“Ageing Is a Myth,” Says 64-Year-old Bodybuilder Grandma of Three

What should grandmothers look like? Sculpted, strong bodybuilders, if you go by Sweden’s Eva Birath.

By Anita Panda

If there’s anyone who embodies the idea that age is only a number, 64-year-old Swedish grandmother of three Eva Birath fits the bill. At 5’11”, this stunning bodybuilder is accustomed to standing out in a crowd and has no intention of giving up her passion for fitness anytime soon.

Eva first shot to fame at 47, clinching the first place in a local bodybuilding competition in 2003. This led to coverage in myriad Swedish publications, the New York Times and a Swedish television show. She is also an artist with her works displayed at several exhibitions in Sweden and once in Norway.

Born and raised in Gothenburg (also called Göteborg), a seaport town in Sweden, sports and fitness came naturally to her through her family; her parents often took her for skiing in winter and swimming in summer. She began playing volleyball at 12.

Eva Birath (Photo: Julian Thomas / Instagram)

“My father taught me that there is a solution to every problem, and from my mother I learnt to cook simple meals at home and to avoid junk food,” says the power-woman.

She met her first husband, a Brit in Saudi Arabia, when working as a nurse in the Middle Eastern country. They had a daughter together, but separated after five years of marriage. Eva moved to London and began working as a model with her baby girl in tow.

Soon, however, despite prestigious assignments and frequent appreances in fashion magazines, she got tired of “feeling like a brainless object” and quit modelling.

Eva modelling in her youth (Photo: Eva Birath / Instagram)

She met her second husband many years later in Sweden and re-educated herself to become an architect. She had another child, a son, but began facing health issues at age 35, with hormone problems due to a pituitary tumour. Her second marriage lasted 13 years, and she entered a dark phase of her life soon after, suddenly laid off from her job around the same time.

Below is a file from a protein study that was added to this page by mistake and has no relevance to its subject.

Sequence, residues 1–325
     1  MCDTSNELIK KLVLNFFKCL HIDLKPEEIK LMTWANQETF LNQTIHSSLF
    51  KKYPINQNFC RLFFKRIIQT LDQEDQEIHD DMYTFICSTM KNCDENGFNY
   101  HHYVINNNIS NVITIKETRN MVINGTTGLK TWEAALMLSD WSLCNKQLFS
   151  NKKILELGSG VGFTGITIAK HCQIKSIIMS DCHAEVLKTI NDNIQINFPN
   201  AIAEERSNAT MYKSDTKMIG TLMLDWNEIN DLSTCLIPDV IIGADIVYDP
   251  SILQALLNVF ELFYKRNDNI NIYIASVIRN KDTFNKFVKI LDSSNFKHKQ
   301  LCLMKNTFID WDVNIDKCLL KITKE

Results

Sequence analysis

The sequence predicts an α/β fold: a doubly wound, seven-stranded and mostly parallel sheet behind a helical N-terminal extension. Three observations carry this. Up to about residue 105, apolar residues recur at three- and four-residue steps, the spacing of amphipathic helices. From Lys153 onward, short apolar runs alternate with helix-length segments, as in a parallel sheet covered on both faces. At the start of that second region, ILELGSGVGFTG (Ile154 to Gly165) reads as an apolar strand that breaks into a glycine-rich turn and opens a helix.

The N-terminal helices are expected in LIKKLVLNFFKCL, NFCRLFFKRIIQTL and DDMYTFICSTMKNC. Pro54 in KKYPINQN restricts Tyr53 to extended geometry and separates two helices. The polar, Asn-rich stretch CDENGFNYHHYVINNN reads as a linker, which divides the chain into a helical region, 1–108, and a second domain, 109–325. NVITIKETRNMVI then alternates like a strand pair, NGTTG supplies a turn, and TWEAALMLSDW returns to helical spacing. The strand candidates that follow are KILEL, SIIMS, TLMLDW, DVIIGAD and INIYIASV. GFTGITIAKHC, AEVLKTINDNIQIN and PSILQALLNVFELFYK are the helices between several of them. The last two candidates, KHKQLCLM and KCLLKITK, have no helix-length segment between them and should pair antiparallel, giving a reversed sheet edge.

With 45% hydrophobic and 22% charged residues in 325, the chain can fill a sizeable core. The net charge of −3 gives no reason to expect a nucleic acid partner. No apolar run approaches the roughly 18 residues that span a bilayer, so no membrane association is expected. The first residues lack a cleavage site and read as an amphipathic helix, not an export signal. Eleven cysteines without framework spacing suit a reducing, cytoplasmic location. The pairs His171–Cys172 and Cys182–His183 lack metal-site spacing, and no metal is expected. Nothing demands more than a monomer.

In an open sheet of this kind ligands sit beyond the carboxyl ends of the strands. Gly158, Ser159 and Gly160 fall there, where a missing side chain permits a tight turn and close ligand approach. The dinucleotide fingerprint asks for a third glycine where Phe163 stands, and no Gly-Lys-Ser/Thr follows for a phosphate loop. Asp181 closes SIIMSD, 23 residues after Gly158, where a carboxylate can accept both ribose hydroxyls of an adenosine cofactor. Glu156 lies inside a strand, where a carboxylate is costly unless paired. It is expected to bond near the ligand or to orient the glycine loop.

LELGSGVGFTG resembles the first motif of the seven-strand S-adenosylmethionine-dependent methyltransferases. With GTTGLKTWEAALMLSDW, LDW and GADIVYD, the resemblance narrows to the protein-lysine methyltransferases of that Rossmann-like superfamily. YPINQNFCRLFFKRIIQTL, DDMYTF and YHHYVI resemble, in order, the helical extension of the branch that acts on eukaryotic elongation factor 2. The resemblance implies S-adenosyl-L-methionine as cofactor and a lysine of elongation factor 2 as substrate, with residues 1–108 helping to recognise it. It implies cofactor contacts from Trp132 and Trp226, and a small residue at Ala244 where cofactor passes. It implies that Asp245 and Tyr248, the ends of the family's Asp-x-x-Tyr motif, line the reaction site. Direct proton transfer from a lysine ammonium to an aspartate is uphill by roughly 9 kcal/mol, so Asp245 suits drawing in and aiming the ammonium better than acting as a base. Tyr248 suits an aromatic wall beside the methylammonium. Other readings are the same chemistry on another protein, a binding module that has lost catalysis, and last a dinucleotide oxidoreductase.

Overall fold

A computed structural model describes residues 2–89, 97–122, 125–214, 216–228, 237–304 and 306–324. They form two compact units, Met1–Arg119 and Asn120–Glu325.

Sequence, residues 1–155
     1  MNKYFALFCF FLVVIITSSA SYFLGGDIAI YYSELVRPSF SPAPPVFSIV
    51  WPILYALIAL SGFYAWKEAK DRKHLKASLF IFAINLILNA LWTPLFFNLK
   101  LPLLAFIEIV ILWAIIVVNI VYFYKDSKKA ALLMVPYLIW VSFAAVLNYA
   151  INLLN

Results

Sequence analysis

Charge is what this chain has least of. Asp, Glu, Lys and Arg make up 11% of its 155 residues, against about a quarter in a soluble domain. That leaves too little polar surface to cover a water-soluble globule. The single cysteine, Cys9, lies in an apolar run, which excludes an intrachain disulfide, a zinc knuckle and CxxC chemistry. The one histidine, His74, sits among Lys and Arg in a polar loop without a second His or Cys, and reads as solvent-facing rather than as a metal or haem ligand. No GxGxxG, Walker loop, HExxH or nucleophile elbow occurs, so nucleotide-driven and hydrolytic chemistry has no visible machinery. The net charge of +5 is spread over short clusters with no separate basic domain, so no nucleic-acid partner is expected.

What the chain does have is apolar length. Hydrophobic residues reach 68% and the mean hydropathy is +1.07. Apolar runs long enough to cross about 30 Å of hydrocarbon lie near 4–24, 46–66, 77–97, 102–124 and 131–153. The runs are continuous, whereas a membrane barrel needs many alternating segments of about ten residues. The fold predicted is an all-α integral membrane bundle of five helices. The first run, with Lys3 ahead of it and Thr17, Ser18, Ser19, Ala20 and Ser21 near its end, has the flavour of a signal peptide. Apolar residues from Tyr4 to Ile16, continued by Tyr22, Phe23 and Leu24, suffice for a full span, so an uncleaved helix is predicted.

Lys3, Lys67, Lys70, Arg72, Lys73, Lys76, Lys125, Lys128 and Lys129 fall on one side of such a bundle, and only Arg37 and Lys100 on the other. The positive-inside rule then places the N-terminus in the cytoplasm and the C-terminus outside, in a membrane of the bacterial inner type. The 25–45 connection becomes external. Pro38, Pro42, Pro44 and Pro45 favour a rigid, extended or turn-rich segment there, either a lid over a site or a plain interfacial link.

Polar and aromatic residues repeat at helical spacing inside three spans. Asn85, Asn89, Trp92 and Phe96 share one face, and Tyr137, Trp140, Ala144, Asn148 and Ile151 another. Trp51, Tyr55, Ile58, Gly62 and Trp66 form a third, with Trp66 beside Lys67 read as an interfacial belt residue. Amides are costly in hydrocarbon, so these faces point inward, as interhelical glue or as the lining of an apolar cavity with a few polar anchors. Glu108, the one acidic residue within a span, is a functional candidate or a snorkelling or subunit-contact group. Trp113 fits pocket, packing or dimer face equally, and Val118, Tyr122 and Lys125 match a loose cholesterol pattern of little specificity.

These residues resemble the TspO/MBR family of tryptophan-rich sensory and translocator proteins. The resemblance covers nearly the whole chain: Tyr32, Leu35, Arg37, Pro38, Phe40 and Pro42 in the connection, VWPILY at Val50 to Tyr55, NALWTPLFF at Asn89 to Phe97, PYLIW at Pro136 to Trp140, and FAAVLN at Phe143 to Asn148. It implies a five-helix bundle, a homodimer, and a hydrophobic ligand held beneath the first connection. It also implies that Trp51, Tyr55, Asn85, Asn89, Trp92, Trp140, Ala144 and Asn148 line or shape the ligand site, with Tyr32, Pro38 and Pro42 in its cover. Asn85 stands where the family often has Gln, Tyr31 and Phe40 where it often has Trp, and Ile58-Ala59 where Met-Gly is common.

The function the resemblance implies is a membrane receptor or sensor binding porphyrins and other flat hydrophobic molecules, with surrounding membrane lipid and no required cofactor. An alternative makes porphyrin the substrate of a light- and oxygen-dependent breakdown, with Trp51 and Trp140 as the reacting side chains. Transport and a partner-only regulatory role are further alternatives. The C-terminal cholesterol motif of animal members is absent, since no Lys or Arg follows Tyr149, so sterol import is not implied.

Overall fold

She sold her house and car, and moved into an apartment. She had no idea what to do next but was told she had a good physique for bodybuilding. So, she signed up for a tournament with scant knowledge of diet, training or poses.

It was unusual for someone to begin bodybuilding at her age and yet, despite the late start in her forties, she competed at the national level and finished first! It was enough to persuade her to commit to her training as an amateur bodybuilder in the Swedish national championships in 2006.

But it wasn’t easy to combat the popular and uncomfortable perceptions about bodybuilders in Sweden. She was even questioned by one of her co-workers if she was on steroids or a lesbian!

Unfazed, she ignored people’s views and stayed on her path of doing what she loved most – training and painting.

“I chalk out concrete goals and make routines to achieve them,” she says. Her children, who are now parents themselves, support her completely.

Eva Birath’s art

Her health challenges, however, returned time and again. When she was 50, she got tumours on her parathyroid glands. At 60, she was operated for an abscess in her brain that had given her dizzy spells for over a decade. At 61, she was diagnosed with colon cancer and underwent surgery to remove the tumour and almost 12 inches of her colon.

But she continued training three or four times a week, changed her diet, and says she has now recovered completely.

She advises women to “stay strong, healthy, independent” and cherish their self-respect. “You can’t change other people’s attitudes, only your own. Take yourself seriously and value yourself,” is Eva’s firm belief.

The spunky sexagenarian goes on: “There is no such thing as ageing. It is a myth. Just be bolder and braver. The secret of ageing well is to be the best you can be. Defy all laws of what you should be!”

First published in eShe’s December 2020 issue

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